Saturday, January 29, 2011

"the lost art of shutting up"

(Illustration by Timothy Goodman)

Did you read this article in the New York Times Book Review? The one about memoirs? I'll give you a minute. It's worth it. Critic and playwright Neil Genzlinger wrote a ballsy, sharp, and necessary critique on the state of a swollen genre: the memoir. My co-worker, preceptor, and friend Lisa forced me to read the article, and I almost cried laughing with relief.

As booksellers we see tons of books... you know...daily. There is no shortage of people writing memoirs. In fact, we thought about renaming the section "My childhood was worse than yours." It's not that we don't love well written, unique and quality prose, it's just that it would be nice if the quality of memoirs had to adhere to the same or similar standards as other genres. Consider this: If a poet writes a collection of confessional poems and pays no attention to craft ( it is sloppy, poorly edited and it's readability is dependent solely on the sexiness of the disclosure), it would get panned as self indulgent drivel.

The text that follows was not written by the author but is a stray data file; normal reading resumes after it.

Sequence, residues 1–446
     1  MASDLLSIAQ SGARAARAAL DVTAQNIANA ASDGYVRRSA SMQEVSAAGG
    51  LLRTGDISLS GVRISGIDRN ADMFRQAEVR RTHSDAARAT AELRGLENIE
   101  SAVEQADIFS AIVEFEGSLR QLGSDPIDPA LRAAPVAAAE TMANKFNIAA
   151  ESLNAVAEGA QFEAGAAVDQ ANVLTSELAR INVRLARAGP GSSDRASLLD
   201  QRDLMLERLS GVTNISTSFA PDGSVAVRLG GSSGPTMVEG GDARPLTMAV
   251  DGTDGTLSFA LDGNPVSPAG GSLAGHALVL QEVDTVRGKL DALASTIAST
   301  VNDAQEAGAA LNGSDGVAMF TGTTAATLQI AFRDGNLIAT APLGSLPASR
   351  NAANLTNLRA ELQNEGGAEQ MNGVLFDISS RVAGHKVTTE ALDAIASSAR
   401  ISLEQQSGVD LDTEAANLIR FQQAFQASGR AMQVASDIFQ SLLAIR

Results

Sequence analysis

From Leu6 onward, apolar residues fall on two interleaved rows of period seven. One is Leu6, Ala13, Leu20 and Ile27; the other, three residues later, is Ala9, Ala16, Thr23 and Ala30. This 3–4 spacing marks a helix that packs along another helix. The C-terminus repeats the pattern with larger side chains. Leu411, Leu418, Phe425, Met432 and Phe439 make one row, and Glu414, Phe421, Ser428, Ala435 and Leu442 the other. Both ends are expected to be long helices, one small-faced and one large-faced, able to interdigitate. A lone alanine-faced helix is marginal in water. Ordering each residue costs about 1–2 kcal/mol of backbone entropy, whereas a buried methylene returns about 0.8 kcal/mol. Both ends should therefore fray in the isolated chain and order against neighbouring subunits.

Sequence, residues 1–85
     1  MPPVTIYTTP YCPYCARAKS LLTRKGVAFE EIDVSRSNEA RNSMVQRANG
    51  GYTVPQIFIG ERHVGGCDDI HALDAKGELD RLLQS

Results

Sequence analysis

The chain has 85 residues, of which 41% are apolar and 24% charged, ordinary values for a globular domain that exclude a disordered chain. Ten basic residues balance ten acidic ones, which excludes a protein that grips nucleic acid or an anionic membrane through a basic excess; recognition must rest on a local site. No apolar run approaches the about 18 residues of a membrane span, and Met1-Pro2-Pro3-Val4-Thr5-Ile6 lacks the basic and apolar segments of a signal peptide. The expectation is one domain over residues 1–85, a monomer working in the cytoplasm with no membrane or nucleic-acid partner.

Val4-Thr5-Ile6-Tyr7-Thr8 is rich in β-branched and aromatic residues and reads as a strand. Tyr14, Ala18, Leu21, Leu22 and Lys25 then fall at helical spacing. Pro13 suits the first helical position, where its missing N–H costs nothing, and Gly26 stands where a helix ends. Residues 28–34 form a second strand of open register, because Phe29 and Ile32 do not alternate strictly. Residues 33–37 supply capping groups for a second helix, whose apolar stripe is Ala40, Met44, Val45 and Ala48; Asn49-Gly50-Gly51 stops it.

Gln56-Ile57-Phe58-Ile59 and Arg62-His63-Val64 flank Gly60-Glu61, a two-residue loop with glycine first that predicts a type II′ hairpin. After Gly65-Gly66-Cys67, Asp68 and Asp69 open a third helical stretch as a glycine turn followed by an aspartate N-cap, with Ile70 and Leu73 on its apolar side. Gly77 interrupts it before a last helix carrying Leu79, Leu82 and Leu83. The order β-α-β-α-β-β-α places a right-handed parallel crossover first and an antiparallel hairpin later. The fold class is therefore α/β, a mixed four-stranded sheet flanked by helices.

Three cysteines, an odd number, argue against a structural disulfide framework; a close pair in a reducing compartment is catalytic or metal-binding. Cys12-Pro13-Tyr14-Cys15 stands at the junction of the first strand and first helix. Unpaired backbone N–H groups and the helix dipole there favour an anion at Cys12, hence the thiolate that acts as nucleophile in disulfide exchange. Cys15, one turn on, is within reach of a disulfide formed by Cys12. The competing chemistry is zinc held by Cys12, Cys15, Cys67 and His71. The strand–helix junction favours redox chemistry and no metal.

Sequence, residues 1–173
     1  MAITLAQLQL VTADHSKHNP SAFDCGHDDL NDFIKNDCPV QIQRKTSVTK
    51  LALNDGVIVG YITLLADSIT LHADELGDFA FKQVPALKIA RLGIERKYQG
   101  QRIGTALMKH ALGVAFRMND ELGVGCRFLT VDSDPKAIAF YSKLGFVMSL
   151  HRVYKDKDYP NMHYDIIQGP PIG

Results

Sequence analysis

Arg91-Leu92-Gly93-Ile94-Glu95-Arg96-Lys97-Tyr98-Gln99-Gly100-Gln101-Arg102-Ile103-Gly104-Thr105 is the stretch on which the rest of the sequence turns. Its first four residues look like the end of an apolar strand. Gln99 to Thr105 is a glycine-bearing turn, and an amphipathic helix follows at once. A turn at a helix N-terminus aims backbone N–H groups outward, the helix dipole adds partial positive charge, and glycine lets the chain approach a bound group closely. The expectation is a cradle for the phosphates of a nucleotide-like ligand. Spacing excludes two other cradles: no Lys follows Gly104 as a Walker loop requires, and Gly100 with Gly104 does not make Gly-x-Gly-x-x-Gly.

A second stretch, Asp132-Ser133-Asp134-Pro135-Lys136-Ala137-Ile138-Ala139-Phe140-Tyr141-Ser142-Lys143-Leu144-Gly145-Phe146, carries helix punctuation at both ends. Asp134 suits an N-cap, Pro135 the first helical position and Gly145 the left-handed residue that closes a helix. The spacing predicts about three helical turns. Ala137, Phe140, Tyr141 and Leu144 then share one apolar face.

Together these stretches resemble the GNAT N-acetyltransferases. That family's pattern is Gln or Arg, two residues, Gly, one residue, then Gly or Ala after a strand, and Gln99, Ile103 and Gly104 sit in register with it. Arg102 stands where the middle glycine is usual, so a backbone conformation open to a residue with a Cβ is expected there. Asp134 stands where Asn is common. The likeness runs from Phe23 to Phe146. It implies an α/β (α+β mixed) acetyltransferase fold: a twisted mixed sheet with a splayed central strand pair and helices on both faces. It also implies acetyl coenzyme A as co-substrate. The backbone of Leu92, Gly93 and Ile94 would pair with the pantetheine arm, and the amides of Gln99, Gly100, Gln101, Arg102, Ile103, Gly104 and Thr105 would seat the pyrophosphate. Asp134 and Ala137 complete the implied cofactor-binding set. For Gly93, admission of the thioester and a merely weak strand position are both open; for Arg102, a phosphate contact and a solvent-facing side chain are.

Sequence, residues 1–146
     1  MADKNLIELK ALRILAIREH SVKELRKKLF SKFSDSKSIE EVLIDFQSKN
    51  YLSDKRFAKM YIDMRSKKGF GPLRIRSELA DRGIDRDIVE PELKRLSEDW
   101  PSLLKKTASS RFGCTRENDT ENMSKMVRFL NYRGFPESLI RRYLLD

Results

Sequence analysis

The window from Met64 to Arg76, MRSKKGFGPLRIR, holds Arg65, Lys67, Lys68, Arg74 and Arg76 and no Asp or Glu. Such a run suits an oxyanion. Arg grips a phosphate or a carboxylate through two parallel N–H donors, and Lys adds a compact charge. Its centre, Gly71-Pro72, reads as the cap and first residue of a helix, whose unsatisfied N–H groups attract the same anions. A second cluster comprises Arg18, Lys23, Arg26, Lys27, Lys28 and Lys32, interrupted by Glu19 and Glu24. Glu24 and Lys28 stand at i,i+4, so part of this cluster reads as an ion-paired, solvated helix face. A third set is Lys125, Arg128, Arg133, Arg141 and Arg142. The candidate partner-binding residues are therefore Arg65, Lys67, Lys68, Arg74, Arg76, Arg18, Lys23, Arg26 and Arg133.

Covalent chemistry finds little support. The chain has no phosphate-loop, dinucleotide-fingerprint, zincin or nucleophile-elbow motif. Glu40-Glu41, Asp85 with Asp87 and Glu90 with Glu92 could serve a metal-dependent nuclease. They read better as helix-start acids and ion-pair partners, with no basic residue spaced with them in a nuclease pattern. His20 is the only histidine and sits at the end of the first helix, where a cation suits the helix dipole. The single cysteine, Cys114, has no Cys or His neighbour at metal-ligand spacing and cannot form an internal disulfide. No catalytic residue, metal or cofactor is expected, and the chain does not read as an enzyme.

As a student in an MFA program, I have lots of friends writing their memoirs, and as I would like to keep them friends...I will tread carefully here.

Not all humans experience the same suffering. Now, it is possible that all humans experience suffering the same, but the two are wildly different. I understand that if the worst trauma someone endures is a rejection letter from an Ivy, then that pain will register as high in their mind/ bodies' barometer as perhaps the disappointment of another individual who say, lost their children to starvation and curable childhood disease. Pain is relative. I get that. Human suffering is human suffering.


when we sit down to write we have the obligation, and responsibility to the readers to make sure that what we have to say needs saying. ...("needs" is a very flexible word in this context.)

1.) Is what you are saying new?

2.) Is how you are saying it new?

3.) The above two qualifiers, substitute new with "better than TV"

Personally, I kinda love memoirs. I love a self indulgent voyeuristic jaunt into the hologram of another's domestic horror show. I just expect their suburban tragedy to be...well....tragic...or at least tragically well written.

So....Thanks you Neil Genzlinger for your wonderful review. I will now read "An Exclusive Love" because of your brilliant critique by comparison. More please.

Ok. Off my high horse.

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